This week’s Studio Sunday featured artist is Amy Sillman. Sillman’s artistic practice encompasses drawing, collage, video, and even zine-making, but the artist is best known as a painter. Sillman’s paintings are often compared to abstract expressionism in aesthetic, but Sillman herself has stated that she’s spent a lot of time learning about such styles in order to critique and move past them in her own work.
I think that this artist has a beautiful studio space – it looks incredibly airy and open, all the better to fit the artist’s large canvases. The canvases against the wall appear to be propped up on egg crates – I wonder if that’s how Sillman usually positions her works while she’s painting, or if this is only for display.
I find that the pastel tones of Sillman’s paintings in this photo add a nice welcoming atmosphere to the studio overall. This seems like a space where work is done calmly, with both a sense of play and an eye for fine detail. Even the chair that Sillman is leaning against seems to reflect a pastel aesthetic and looks like the type of chair that one would sit in while lounging or reading outdoors.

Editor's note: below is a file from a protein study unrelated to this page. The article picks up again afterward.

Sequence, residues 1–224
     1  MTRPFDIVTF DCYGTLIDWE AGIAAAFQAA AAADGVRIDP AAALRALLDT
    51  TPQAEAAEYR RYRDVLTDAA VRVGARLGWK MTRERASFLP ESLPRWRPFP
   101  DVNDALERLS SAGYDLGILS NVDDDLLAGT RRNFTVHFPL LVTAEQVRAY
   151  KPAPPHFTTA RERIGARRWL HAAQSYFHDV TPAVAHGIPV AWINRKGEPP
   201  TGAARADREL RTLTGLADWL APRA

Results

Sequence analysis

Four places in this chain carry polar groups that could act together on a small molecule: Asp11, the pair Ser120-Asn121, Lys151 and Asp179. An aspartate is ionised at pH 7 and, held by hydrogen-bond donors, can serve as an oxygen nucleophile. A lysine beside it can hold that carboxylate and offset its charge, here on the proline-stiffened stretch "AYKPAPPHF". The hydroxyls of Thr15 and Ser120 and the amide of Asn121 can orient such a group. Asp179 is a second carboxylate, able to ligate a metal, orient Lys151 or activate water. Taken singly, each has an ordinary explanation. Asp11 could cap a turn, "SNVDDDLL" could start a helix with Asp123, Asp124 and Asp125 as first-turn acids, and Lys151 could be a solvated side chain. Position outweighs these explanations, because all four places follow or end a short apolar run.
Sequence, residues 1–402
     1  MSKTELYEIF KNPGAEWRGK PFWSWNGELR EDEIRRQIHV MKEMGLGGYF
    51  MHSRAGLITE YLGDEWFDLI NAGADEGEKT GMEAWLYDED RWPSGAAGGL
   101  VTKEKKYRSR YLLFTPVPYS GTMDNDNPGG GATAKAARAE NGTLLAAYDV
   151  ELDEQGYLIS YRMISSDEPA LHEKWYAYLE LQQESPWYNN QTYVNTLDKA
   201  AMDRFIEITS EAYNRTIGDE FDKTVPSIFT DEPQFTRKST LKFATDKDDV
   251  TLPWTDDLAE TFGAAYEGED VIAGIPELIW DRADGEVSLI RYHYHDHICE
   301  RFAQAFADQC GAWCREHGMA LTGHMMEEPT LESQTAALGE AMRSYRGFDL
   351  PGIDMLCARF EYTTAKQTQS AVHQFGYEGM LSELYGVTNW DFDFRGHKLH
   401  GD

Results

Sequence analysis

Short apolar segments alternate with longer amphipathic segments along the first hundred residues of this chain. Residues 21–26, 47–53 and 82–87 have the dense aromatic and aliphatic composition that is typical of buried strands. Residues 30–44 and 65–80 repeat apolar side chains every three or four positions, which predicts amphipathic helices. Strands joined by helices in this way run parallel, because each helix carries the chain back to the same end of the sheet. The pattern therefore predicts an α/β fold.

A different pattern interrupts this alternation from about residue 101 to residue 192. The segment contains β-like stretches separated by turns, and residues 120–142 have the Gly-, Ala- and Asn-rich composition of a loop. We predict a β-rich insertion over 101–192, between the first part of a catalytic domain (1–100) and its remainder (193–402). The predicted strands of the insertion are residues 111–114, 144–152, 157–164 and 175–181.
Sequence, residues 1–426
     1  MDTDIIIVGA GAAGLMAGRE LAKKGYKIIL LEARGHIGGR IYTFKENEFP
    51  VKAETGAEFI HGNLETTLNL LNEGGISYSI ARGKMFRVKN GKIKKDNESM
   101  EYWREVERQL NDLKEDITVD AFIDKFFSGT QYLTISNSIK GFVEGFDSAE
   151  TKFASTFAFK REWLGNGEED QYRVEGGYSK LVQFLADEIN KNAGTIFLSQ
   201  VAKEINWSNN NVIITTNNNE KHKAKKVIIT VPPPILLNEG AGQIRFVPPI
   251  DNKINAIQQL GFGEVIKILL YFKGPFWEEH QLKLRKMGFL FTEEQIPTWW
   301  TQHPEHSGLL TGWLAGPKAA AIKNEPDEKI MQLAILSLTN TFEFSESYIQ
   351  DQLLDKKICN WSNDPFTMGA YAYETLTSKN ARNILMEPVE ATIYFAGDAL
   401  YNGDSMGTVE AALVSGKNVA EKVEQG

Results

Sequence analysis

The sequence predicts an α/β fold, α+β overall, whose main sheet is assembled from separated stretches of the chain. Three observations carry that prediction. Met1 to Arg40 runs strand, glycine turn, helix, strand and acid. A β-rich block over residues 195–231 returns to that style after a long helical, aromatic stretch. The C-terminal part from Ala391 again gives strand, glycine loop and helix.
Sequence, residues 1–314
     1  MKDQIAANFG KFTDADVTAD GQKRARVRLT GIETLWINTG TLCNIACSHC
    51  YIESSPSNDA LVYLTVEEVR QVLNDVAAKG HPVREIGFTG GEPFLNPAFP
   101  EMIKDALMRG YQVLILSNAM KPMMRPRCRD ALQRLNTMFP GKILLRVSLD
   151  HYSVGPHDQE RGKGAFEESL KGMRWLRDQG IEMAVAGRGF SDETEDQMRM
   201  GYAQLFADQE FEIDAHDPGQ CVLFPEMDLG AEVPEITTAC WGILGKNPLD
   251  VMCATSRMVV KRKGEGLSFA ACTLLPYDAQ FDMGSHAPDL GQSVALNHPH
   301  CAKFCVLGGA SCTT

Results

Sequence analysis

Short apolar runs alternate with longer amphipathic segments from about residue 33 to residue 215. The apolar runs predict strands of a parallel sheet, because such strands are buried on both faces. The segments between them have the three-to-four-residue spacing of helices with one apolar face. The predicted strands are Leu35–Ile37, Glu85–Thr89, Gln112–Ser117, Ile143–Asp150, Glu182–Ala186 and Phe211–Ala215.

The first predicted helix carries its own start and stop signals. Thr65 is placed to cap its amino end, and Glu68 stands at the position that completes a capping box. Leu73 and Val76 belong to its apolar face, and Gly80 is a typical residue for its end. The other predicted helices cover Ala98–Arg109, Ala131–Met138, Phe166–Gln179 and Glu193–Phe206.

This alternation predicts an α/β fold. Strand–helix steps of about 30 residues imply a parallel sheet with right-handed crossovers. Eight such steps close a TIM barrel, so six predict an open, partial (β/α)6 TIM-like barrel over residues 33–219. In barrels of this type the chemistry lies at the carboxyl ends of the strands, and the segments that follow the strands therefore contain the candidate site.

The supply table to the right of the artist holds a few full-sized cans of paint, brushes, and a range of other common painting supplies. The studio itself seems relatively minimal, which to me probably indicates that Sillman spends most of her time focused intently on the fine details of her work, perfecting the smallest lines and brush marks to create each masterpiece.
Born in Detroit, Michigan in 1955, Amy Sillman worked at a variety of jobs both art-related and otherwise before graduating from the School of Visual Arts. Sillman’s artworks occasionally include humorous references, cartoons, and nods to pop-culture.